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Singin' in the Rain

Posted 6/30/2010

THE LAST AIRBENDER M. Night Shyamalan writes/directs this family-friendly fantasy flick in which a young boy (Noah Ringer) finds himself getting involved in a war between "benders," people who can influence/control the elements. Opens July 1.

MOONSTRUCK If there's a better recent(ish) American flick for kicking off a free outdoor film series in Little Italy than Norman Jewison's 1987 Moonstruck, programmers haven't found it yet. You've got Cher in her Oscar-winning turn as a widowed thirtysomething woman surprised by her capacity to fall in love again. You've got Nicolas Cage before he went into Sailor Ripley overdrive and decided he had to ham-up every scene he's in. And you got Olympia Dukakis practically walking away with the movie as Cher's entirely too observant mother. At the corner of High and Stiles streets July 2 at 9 p.m.

SINGIN' IN THE RAIN Stanley Donen and Gene Kelly's 1952 mash note to early movies follows a production making the clumsy transition from silent to talkie, and it continues to charm thanks to Kelly's ebullient presence, Donald O'Connor's slapstick master class during "Make 'Em Laugh," and the ingenious setup of the entire enterprise. And then there's Cyd Charisse, whose stunning appearance in a shockingly green dress--that exposes about 20 miles of leg--remains one of the best ways to get your boyfriend to watch musicals. (Bret McCabe) At AVAM July 1 at 9 p.m.

SHUTTER ISLAND Director Martin Scorsese takes noir and infuses it with the psychological thriller in Shutter Island, which opens in 1954 with deputy Marshall Teddy Daniels (Leonardo DiCaprio) joining his new partner (Mark Ruffalo) on a ferry bound for the titular fortress housing a hospital for the criminally insane. They're investigating an escape from a room guarded 24 hours a day and locked from the outside. Throughout, Scorsese alludes to other movies, and the movie is just as much an experience for the senses as it is for the mind, though Scorsese's allusions eventually start to feel derivative. (Emma Brodie) At the Broadway Pier July 7 at 8:45 p.m .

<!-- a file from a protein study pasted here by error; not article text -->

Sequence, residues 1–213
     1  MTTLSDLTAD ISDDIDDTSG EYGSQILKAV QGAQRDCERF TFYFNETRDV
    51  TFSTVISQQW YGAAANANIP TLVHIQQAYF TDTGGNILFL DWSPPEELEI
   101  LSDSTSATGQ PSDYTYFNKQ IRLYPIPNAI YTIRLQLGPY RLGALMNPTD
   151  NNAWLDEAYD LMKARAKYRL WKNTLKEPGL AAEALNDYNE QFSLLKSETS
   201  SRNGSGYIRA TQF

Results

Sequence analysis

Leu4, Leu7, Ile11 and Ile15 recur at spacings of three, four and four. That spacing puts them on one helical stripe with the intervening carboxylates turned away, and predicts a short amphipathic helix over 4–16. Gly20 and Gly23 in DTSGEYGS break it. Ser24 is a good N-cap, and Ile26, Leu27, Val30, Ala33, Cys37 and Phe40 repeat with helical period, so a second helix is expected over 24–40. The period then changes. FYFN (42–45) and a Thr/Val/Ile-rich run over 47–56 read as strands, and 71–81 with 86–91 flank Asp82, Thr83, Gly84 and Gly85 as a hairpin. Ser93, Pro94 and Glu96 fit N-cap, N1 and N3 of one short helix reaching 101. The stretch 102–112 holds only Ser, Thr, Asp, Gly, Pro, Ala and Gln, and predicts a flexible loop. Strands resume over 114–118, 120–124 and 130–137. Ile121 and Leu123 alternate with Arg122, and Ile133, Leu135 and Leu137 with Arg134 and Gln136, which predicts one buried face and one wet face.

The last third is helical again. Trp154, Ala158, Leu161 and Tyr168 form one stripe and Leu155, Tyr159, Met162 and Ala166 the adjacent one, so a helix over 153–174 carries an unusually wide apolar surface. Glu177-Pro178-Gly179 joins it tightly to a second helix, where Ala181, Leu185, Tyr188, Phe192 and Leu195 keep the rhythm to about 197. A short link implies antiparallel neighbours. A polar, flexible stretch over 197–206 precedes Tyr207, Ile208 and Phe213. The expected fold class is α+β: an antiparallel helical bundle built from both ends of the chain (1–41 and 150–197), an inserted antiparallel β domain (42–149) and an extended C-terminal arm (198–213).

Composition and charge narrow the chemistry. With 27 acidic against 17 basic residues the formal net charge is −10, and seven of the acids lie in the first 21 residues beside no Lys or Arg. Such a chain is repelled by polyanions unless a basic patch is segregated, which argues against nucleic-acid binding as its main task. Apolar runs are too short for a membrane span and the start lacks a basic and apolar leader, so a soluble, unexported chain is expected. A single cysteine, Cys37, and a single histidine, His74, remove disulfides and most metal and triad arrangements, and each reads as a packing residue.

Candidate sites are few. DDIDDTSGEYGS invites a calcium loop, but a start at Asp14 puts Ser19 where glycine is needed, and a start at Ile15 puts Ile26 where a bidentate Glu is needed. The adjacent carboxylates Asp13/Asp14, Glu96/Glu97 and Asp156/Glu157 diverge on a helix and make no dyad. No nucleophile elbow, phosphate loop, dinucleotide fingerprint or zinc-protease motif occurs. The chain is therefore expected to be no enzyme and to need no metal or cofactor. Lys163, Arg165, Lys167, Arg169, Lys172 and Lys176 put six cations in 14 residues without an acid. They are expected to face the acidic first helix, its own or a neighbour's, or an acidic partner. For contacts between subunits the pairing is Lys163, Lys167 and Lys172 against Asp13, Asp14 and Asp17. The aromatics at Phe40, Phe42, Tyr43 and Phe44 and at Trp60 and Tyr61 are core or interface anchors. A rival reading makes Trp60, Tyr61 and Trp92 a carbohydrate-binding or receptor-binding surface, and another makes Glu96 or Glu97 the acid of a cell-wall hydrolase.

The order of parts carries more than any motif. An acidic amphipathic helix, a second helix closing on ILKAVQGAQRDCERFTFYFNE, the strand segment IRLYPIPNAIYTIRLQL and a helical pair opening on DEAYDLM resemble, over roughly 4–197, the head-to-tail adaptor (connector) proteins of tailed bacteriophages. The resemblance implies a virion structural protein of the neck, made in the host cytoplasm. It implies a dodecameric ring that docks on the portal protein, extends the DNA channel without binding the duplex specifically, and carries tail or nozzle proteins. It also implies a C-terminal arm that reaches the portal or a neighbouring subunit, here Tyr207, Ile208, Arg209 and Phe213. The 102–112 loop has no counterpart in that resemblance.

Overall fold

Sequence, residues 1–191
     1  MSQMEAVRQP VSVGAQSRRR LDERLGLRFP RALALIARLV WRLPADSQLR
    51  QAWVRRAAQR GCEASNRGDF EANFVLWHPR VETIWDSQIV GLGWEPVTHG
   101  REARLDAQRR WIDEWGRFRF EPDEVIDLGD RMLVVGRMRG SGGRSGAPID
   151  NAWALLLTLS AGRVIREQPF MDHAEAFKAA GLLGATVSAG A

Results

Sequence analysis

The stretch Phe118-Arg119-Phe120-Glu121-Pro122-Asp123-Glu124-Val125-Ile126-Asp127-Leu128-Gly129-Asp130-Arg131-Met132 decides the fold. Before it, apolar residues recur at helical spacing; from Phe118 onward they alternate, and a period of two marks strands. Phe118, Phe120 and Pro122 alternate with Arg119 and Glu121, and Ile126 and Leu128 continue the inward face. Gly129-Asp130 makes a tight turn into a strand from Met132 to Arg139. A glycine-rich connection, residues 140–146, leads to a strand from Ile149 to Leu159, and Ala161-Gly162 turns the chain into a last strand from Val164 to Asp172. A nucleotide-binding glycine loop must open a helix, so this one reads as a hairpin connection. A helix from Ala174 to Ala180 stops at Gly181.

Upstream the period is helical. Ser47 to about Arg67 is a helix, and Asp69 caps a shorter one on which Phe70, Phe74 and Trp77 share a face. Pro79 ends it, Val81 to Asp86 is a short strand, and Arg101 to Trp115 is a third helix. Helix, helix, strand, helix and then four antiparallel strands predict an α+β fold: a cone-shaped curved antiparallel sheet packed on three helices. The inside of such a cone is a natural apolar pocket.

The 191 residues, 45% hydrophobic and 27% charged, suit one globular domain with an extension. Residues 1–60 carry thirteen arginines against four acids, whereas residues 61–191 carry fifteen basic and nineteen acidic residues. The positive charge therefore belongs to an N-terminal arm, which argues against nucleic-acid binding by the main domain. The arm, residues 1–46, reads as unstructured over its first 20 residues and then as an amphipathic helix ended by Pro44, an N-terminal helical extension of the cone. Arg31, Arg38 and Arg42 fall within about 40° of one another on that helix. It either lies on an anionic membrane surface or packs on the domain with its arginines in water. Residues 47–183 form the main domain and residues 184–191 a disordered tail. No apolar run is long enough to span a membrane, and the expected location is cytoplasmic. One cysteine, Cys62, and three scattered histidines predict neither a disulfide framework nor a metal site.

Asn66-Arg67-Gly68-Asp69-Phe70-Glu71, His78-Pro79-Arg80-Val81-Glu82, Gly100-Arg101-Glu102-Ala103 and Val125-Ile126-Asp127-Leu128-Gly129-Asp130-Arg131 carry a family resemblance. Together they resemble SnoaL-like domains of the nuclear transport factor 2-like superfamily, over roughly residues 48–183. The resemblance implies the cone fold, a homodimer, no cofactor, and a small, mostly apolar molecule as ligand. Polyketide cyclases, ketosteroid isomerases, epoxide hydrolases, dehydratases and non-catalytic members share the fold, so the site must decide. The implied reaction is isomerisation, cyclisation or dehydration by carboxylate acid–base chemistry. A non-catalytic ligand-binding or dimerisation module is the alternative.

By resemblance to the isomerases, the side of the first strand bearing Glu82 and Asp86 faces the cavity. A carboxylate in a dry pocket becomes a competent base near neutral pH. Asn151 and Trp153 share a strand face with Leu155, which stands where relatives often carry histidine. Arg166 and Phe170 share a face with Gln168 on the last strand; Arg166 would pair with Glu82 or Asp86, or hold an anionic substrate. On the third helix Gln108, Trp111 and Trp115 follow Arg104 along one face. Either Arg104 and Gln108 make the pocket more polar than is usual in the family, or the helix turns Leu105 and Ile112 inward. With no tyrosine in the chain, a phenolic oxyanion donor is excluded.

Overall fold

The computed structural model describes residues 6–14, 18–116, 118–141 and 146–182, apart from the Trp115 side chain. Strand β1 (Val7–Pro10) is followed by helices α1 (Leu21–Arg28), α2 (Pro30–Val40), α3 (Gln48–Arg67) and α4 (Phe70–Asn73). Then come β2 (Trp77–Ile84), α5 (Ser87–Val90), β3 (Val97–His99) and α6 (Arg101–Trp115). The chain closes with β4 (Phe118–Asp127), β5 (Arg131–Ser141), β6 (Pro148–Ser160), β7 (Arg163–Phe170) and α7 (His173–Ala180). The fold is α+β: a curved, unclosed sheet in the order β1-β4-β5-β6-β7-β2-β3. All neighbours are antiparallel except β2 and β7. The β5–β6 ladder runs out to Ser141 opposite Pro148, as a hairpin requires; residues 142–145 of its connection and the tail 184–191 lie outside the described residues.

THE TWILIGHT SAGA: ECLIPSE The third installment in this big-screen, pop adaptation of Stephenie Meyer's supernatural romance series. Opens June 30.

VERTIGO Alfred Hitchcock's 1958 psychological drama met with a lukewarm reception when new, but today it stands as perhaps his greatest achievement. Combining his familiar themes--identity, obsession, unjust persecution, the seductive qualities of masquerade and evil--Vertigo exposes the director's complex fixations and psychoses, and a 1996 restoration helps make the case for Vertigo's greatness. The story, focusing on acrophobic police detective John "Scottie" Ferguson (James Stewart) and his obsession with first a friend's wife (Kim Novak) and then a woman who resembles her (Novak again), is haunting and erotically charged, highlighted by one of Stewart's darkest performances and Novak's earthy aura. (Luisa F. Ribeiro) At the Charles Theatre at noon July 3, at 7 p.m. , July 5, and 9 p.m. July 8.

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